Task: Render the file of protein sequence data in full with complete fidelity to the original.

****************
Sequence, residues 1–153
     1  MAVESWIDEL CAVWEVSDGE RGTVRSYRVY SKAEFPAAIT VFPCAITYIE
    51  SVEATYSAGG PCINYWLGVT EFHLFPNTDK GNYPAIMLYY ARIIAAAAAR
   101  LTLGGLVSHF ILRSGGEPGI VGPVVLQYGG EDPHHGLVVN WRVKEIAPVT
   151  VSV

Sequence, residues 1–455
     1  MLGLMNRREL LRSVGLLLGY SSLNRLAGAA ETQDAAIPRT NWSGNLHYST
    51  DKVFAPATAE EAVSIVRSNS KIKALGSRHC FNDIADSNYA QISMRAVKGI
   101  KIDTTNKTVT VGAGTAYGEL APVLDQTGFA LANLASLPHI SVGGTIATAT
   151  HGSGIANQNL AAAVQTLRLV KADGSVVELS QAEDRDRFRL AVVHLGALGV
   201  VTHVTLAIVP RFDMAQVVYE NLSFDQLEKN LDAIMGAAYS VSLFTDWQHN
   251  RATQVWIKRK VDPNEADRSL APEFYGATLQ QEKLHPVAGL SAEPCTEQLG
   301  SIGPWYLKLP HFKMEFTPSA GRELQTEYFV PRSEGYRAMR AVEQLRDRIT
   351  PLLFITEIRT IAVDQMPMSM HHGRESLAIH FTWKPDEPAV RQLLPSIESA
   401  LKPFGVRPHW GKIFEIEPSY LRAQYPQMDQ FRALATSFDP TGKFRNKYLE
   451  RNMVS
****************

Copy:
Sequence, residues 1–153
     1  MAVESWIDEL CAVWEVSDGE RGTVRSYRVY SKAEFPAAIT VFPCAITYIE
    51  SVEATYSAGG PCINYWLGVT EFHLFPNTDK GNYPAIMLYY ARIIAAAAAR
   101  LTLGGLVSHF ILRSGGEPGI VGPVVLQYGG EDPHHGLVVN WRVKEIAPVT
   151  VSV

Sequence, residues 1–455
     1  MLGLMNRREL LRSVGLLLGY SSLNRLAGAA ETQDAAIPRT NWSGNLHYST
    51  DKVFAPATAE EAVSIVRSNS KIKALGSRHC FNDIADSNYA QISMRAVKGI
   101  KIDTTNKTVT VGAGTAYGEL APVLDQTGFA LANLASLPHI SVGGTIATAT
   151  HGSGIANQNL AAAVQTLRLV KADGSVVELS QAEDRDRFRL AVVHLGALGV
   201  VTHVTLAIVP RFDMAQVVYE NLSFDQLEKN LDAIMGAAYS VSLFTDWQHN
   251  RATQVWIKRK VDPNEADRSL APEFYGATLQ QEKLHPVAGL SAEPCTEQLG
   301  SIGPWYLKLP HFKMEFTPSA GRELQTEYFV PRSEGYRAMR AVEQLRDRIT
   351  PLLFITEIRT IAVDQMPMSM HHGRESLAIH FTWKPDEPAV RQLLPSIESA
   401  LKPFGVRPHW GKIFEIEPSY LRAQYPQMDQ FRALATSFDP TGKFRNKYLE
   451  RNMVS